We often hear about people wanting to “go green,” but when the rubber meets the road, it seems hard for many ideas to get off the ground. This isn’t the case for Richmond based John Tyler Community College. John Tyler is the first in the Virginia Community College System to register a construction project under the LEED (Leadership in Energy and Environmental Design) Green Building Rating System.
Check out some of the building features they mention on their website…
Habitat (Sustainable Sites)
- Large open spaces allow storm water to be absorbed into the soil and reduce the heat island effect.
- Use of native and adaptable plants requires minimal watering and maintenance from pollution-emitting equipment.
- The green roof filters and absorbs rainwater to minimize the run-off that goes into the municipal storm system. It also reduces the heat island effect, insulating the building against extreme temperatures.
- Parking lots include spaces reserved for fuel-efficient and low-emissions vehicles and for those who carpool.
- Bike racks, showers and changing rooms encourage the use of bicycles as an alternative mode of transportation.
- Native plants used in landscaping are adapted to the local environment, minimizing the need for permanent irrigation.
- Exterior solar shading devices shield against solar heating glare without obstructing views.
- Mechanical induction units in the Library control thermal conduction through the exterior windows without increasing energy consumption.
- Energy-efficient glass helps to maintain a tight building envelope, maximizing visibility and minimizing the negative impact of solar heat on the HVAC system.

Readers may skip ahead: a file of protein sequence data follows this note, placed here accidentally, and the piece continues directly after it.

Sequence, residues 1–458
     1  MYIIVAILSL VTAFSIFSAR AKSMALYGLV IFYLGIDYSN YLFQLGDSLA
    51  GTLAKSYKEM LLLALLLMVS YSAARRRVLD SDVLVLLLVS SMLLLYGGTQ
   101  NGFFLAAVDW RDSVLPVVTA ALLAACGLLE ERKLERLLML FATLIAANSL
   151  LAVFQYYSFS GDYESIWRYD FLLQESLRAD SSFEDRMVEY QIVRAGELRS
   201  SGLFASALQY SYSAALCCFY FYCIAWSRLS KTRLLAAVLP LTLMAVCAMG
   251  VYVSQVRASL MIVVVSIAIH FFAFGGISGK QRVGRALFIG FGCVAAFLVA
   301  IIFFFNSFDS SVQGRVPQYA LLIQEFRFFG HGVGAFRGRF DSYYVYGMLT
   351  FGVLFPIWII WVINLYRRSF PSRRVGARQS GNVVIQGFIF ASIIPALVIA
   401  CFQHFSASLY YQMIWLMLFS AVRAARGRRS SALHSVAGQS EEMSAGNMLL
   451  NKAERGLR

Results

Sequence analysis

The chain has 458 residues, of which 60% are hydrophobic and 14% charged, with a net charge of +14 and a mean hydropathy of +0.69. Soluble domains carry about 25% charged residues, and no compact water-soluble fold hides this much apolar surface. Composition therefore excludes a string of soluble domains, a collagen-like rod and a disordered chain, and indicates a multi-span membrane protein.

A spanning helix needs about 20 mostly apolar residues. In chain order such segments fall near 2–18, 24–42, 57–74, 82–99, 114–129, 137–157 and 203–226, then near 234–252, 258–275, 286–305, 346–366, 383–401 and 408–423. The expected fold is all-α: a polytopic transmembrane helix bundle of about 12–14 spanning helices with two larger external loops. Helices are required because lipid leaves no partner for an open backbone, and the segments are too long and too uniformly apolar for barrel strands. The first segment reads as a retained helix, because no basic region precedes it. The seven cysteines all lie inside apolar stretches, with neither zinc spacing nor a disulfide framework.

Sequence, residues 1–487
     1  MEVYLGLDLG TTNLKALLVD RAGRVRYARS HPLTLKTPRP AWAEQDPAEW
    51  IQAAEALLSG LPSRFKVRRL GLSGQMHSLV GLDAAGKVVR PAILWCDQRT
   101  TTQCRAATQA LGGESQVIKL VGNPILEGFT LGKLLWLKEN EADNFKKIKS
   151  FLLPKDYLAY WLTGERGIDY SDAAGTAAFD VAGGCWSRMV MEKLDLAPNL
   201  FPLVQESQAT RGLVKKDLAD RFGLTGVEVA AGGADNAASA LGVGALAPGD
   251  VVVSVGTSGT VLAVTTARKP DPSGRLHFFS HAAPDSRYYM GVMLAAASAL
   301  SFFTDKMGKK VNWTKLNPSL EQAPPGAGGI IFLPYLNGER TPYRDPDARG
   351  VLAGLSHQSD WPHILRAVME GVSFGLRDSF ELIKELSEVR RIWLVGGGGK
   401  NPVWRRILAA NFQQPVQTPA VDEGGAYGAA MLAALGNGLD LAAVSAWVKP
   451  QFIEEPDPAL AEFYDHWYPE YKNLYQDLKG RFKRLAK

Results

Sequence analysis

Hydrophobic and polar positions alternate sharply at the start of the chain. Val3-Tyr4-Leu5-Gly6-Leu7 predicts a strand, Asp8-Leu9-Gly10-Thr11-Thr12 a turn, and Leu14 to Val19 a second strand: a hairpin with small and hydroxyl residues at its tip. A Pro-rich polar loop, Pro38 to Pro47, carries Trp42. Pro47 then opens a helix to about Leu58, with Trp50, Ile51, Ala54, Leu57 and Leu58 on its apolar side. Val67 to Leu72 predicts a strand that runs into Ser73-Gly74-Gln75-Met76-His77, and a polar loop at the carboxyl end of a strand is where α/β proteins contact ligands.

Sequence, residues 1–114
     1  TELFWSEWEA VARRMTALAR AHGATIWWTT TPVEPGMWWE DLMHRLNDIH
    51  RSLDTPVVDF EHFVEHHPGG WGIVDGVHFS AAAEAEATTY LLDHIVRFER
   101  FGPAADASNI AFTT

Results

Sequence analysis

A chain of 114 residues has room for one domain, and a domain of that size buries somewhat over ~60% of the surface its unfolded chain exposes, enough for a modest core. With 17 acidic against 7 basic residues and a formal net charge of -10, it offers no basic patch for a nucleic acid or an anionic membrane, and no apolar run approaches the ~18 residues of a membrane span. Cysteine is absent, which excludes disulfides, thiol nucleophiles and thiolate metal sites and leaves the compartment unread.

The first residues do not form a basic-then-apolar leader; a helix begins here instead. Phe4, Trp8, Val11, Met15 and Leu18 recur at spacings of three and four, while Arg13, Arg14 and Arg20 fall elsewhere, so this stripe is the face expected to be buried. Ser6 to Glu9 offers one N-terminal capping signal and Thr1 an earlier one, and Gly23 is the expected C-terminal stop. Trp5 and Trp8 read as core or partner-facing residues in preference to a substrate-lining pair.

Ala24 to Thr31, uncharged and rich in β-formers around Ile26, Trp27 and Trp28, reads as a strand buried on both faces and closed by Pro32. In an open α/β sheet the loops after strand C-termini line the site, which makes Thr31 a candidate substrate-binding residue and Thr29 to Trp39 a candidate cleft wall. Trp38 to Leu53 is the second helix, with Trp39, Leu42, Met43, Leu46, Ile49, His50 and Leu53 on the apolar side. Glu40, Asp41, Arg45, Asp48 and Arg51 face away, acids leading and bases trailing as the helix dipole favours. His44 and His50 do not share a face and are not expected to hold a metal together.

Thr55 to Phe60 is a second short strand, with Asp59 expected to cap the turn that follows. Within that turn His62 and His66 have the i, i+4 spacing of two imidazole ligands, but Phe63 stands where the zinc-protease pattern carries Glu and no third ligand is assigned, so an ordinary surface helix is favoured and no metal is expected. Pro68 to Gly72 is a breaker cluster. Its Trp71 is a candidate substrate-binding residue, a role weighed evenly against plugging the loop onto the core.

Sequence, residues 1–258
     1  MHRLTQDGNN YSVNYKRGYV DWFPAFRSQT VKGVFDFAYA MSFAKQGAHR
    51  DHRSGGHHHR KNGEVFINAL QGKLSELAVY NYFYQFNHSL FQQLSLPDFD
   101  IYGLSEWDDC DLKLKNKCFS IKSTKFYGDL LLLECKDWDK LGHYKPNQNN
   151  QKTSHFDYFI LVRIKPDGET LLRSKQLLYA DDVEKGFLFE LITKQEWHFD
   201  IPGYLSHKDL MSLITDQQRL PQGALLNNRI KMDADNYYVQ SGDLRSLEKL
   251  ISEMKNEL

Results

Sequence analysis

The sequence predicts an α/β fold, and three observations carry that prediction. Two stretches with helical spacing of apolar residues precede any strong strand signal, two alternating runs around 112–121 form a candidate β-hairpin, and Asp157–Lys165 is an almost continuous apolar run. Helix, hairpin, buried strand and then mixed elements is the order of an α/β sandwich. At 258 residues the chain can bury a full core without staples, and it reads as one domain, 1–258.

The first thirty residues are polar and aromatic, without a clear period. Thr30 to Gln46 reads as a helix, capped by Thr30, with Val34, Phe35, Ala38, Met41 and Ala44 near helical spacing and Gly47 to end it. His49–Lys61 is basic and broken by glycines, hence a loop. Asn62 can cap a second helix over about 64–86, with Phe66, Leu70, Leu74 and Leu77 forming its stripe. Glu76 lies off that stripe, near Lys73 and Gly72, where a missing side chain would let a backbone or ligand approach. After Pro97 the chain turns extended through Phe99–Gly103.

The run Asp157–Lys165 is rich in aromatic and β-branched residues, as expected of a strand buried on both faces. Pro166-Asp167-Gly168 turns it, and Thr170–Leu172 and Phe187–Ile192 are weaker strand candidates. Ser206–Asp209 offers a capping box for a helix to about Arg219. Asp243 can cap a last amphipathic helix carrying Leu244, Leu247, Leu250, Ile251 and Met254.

- Occupancy sensors turn lights on or off depending on whether a space is in use.
- To encourage the development of renewable energy technologies, renewable energy credits (RECs) equal to 70% of the annual electrical consumption over a two-year period were purchased.
- Dedicated recycling centers are found throughout the building.
- 24% of building materials are from recycled content when measured in cost.
- Over 92%, or 1,042 tons, of the construction waste generated during the project was diverted from landfills and sent to recycling centers.
- 11% of construction materials were extracted, processed and manufactured within 500 miles of campus.
Health (Indoor Environmental Quality)
- The use of low VOC (volatile organic compounds) paint, carpet, adhesives, sealants and other building materials improves air quality.
- Custom millwork and wood doors contain no added urea formaldehyde, a chemical commonly found in wood products that can irritate the eyes and throat.
- Motorized light filtering sunshades help control heat and glare from the sun without compromising natural daylight.
- A green housekeeping program has been established to control the chemical pollutants used in the building.
- An integrated pest management program has been developed to minimize toxic chemicals indoors and in the landscape.
- A green education program that includes building tours and community partnerships has been developed.
- LEED-accredited professionals administered this building project.
- The project team reduced paper consumption during construction by going “paperless.”